U boat Found in Canadian River?
It seems that a group of would-be maritime archeologists in Canada have stumbled
upon what they think is a U-boat under the mud and silt of a river in Newfoundland.
The thing is, its 60-miles UP the river!
“What appears to be a German U-boat was first spotted at the bottom of the
Churchill River in Labrador two years ago by searchers using sonar to locate three
men who had gone over Muskrat Falls, the Canadian Broadcasting Corp. reported
“We were looking for something completely different, not a submarine, not a U-boat
– I mean, no one would ever believe that was possible,” Brian Corbin told the
CBC. “It was a great feeling when we found it.”
The German government says it would be “sensational and unusual” for one of its
submarines to have ended up so far inland, though it concedes it’s possible, the CBC
“We do know that German U-boats did operate in that region,” Georg Juergens,
deputy head of mission for the German Embassy in Ottawa, told the CBC. “We
must brace ourselves for surprises.”
The article lists that the contact was “about 150-feet in length” which is close to what
the Kreigsmarine’s Type VII-class ran (pressure hull ws 165-feet). 703 of these
boats were completed.
Type VII U-boats were the most common type of German World War II U-boat. The Type VII was based on earlier German submarine designs going back to the World War I Type UB III, designed through the Dutch dummy company Ingenieurskantoor voor Scheepsbouw den Haag (I.v.S) which was set up by Germany after World War I in order to maintain and develop German submarine technology and to circumvent the limitations set by the Treaty of Versailles, and was built by shipyards around the world. Type VII U-boats were generally popular with their crews and much more powerful than the smaller Type II U-boats they replaced, with four bow and one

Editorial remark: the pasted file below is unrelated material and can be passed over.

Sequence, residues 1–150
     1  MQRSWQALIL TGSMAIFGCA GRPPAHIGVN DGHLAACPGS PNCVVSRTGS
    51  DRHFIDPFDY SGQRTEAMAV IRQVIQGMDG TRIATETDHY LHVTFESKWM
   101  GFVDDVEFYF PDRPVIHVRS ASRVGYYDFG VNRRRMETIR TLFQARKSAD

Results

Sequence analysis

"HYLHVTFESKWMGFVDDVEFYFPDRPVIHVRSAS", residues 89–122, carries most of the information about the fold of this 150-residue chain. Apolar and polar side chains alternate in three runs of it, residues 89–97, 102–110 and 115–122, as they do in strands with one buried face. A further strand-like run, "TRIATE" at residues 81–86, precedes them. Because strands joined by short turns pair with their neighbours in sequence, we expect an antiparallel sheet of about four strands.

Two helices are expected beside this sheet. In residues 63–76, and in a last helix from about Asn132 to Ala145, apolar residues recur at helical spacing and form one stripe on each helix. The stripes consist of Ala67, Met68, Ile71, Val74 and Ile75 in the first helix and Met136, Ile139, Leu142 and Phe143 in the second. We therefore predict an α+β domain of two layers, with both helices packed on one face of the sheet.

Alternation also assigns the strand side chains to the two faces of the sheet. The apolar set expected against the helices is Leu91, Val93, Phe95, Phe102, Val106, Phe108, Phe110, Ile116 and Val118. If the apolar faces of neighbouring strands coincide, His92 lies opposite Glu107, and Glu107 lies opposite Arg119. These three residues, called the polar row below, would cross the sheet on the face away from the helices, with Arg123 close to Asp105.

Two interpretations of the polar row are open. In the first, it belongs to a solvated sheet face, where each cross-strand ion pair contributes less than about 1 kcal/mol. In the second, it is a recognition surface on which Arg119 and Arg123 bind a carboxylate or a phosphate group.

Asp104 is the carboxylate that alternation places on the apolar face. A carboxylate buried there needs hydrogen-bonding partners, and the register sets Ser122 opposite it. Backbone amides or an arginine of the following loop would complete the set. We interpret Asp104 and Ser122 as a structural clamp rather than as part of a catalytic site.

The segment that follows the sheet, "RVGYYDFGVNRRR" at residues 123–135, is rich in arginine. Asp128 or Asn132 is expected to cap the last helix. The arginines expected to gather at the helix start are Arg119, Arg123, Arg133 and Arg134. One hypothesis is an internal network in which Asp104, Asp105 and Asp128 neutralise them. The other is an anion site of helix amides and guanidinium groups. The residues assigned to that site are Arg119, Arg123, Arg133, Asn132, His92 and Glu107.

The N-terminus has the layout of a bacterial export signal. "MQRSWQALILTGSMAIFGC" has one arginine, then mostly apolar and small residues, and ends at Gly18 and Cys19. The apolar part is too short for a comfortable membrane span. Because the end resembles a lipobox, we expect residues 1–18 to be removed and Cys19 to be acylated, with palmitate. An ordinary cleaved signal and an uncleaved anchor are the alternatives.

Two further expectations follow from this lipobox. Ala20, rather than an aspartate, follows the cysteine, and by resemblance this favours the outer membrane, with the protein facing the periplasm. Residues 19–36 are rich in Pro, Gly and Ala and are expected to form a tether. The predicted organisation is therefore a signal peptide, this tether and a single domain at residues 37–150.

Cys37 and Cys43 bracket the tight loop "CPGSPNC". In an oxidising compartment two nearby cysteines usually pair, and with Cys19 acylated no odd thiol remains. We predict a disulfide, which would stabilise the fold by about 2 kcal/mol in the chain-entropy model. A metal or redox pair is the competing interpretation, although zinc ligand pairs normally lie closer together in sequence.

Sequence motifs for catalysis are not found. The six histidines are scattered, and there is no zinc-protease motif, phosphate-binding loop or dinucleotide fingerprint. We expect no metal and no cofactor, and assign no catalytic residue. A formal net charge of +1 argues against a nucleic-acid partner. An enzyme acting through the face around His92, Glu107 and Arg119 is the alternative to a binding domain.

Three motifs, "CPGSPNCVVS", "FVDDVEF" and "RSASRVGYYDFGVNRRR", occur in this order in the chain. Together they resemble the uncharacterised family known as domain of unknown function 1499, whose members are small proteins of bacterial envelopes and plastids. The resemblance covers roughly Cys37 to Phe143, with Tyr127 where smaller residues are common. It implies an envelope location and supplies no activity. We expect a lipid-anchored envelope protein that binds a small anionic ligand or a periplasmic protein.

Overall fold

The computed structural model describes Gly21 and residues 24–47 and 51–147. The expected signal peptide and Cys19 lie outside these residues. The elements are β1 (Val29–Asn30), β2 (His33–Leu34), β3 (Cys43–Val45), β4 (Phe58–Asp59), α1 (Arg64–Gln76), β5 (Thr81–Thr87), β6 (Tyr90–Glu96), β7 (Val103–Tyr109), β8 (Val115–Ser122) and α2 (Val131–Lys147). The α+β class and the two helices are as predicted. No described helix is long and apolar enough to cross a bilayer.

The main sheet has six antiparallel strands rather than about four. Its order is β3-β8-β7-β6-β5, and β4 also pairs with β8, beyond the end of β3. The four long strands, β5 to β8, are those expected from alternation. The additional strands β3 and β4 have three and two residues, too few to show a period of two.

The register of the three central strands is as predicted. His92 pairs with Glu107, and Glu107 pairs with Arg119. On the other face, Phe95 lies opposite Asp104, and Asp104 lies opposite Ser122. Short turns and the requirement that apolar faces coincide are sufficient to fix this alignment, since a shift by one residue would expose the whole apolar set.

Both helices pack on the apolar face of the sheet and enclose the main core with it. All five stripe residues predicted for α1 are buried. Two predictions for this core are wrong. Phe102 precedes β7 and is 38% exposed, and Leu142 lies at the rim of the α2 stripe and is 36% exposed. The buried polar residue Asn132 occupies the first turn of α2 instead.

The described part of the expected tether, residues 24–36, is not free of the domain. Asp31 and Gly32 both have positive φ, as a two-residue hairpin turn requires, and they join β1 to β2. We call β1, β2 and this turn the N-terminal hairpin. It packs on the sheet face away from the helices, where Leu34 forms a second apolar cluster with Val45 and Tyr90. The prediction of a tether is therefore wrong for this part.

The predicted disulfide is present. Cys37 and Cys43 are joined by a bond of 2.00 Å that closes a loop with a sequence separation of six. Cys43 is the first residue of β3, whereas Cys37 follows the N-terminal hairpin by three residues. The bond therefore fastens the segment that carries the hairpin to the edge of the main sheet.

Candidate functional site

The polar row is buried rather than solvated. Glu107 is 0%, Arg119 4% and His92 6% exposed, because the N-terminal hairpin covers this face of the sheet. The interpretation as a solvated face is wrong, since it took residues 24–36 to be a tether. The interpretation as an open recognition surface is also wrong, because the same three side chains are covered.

external stern torpedo tubes. Usually carrying 11 torpedoes on board, they were
very agile on the surface and mounted the 88 mm fast-firing deck gun with about
220 rounds. Perhaps the most famous VIIC boat was U-96, featured in the movie
Uboat.net lists 50 missing German WWII U-boats (most of them Type VII boats)
that have no explanation for their loss. These include U-1, U-22, U-47, U-54, U-
104, U-116, U-122, U-180, U-193, U-196, U-206, U-209, U-240, U-246, U-
296, U-337, U-338, U-355, U-376, U-381, U-398, U-396, U-420, U-455, U-
479, U-519, U-553, U-578, U-602, U-647, U-648, U-666, U-669, U-683, U-
702, U-703, U-740, U-745, U-851, U-855, U-857, U-865, U-921, U-925, U-
972, U-1020, U-1055, U-1191, U-1226 and U-184.
Of the above U-857 was lost in April 1945, literally the last month of the war and
was last seen off the northern US coast. It was thought that she was sunk by a US
destroyer off North Carolina, but this claim is sketchy and has been revoked in later
years. The Foreign Documents Section of the Naval Historical Branch of the U.K.
Ministry of Defense revoked this credit in April 1994, surmising that Gustafson’s
attack was “very probably directed against a nonsub target.” Axel Niestlé, in his
German U-boat Losses During World War II: Details of Destruction (Annapolis:
Naval Institute Press, 1998) claims that “There is presently no known explanation
for [U-857's] loss.” U-857 was a larger Type IX C/40 U-boat with a 192-foot
Still 192-feet is close enough to “about 150-feet” to still be in the running.
Being missing in the last month of the war it is possible that the ship was seeking a
nice convenient place to scuttle itself and her crew possibly surrender or evade
capture. Still, you would think that at least one would have survived to tell the tale
and the story would have been wide-spread.
Stay tuned. It will probably wind up being an old barge, but hopefully its an exotic
U-boat design that was scuttled and can be raised. Never mind the 59 old Canadian
guys in thier 80s and 90s with very thick German accents that live in the area who
are freaking out now….